An employer which is wholly or partly exempt from income tax is a ‘tax exempt body’.
Because income tax is not paid, there are specific FBT rules which apply to tax-exempt bodies.
The ‘tax-exempt body entertainment fringe benefit’ only applies to non-deductible entertainment. To determine this, a non-taxable entity has to consider whether the expense would be deductible, if the organisation was not tax exempt.
[Update] Cap on entertainment: From 1 April 2016 – a separate grossed-up cap of $5,000 will apply for salary-sacrificed meal entertainment benefits, with the excess to be counted in calculating the existing FBT exemption or rebate cap. Meal entertainment benefits will be reportable. See: Enabling legislation – passed 25 November 2015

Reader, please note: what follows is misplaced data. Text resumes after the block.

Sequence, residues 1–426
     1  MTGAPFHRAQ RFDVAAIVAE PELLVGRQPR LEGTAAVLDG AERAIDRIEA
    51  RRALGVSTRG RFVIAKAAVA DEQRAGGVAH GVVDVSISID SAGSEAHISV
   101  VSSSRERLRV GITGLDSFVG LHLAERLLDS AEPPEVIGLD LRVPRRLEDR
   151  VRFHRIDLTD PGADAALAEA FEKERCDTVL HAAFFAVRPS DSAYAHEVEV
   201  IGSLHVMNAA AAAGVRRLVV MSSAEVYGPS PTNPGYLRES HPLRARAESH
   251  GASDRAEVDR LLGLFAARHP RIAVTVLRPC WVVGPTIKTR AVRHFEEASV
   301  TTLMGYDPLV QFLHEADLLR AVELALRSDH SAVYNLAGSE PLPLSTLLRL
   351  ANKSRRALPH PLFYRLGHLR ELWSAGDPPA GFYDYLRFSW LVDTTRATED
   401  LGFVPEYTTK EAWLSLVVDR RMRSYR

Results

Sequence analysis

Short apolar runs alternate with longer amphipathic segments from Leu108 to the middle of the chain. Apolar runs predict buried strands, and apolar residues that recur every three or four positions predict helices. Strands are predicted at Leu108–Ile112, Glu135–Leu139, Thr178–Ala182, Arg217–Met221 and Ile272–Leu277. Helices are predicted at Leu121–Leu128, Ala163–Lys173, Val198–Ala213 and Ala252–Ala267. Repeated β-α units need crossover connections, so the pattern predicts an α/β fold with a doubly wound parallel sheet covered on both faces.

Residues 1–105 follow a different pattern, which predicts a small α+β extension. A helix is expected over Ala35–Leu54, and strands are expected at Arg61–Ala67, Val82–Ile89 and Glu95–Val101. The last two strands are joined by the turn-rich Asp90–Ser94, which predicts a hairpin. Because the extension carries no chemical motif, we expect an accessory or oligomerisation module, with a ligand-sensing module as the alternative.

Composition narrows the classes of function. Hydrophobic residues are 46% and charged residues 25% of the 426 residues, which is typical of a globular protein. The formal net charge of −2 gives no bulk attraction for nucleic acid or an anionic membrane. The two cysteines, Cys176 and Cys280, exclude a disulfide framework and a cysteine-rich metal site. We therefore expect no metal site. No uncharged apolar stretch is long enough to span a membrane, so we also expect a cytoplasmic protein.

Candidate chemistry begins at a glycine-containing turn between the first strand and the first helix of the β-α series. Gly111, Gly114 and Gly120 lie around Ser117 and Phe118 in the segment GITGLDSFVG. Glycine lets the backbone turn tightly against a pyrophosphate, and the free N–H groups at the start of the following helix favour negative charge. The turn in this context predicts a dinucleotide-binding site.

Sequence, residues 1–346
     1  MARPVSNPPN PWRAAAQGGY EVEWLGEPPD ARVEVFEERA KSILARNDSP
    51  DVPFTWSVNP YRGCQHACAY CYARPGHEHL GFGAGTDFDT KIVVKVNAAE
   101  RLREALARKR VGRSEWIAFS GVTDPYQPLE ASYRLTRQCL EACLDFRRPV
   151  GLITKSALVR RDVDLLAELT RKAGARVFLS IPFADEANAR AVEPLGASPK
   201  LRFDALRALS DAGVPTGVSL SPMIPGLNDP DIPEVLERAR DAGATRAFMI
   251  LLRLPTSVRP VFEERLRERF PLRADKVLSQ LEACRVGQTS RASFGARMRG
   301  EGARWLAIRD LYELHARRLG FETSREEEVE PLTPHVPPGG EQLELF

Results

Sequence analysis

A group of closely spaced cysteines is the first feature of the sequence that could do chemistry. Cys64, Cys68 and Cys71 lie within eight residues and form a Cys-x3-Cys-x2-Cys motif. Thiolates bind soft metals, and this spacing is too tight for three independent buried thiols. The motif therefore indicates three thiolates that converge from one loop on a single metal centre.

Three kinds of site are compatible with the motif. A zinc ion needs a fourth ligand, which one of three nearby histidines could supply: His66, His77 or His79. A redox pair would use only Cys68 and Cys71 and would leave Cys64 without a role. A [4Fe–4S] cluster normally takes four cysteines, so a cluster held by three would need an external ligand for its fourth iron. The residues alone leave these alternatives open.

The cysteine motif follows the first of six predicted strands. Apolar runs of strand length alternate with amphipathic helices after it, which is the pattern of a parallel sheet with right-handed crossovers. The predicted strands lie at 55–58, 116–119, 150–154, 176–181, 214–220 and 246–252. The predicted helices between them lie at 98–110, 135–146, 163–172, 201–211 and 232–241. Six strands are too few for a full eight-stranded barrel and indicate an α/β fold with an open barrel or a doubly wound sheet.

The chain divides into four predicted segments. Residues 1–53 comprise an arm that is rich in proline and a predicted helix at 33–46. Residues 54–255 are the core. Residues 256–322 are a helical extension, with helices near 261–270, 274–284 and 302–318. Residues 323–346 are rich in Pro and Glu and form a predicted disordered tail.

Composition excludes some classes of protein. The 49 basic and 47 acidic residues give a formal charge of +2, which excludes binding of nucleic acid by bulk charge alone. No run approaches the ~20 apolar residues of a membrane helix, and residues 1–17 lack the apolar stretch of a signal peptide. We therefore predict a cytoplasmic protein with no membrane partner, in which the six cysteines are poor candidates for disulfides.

An ‘entertainment‘ benefit may be any of
- food, drink or recreation
- accommodation or travel in connection with such entertainment, or
- paying or reimbursing expenses incurred in obtaining something covered by the above
For more about what is entertainment see Entertainment Fringe Benefits
- ATO – Salary packaged meal and other entertainment benefits
- FBT and entertainment for non-profit organisations
- Common entertainment scenarios
- UWA Financial Services – Entertainment Fringe Benefits Tax (FBT) Policy
This page was last modified on 29 February 2016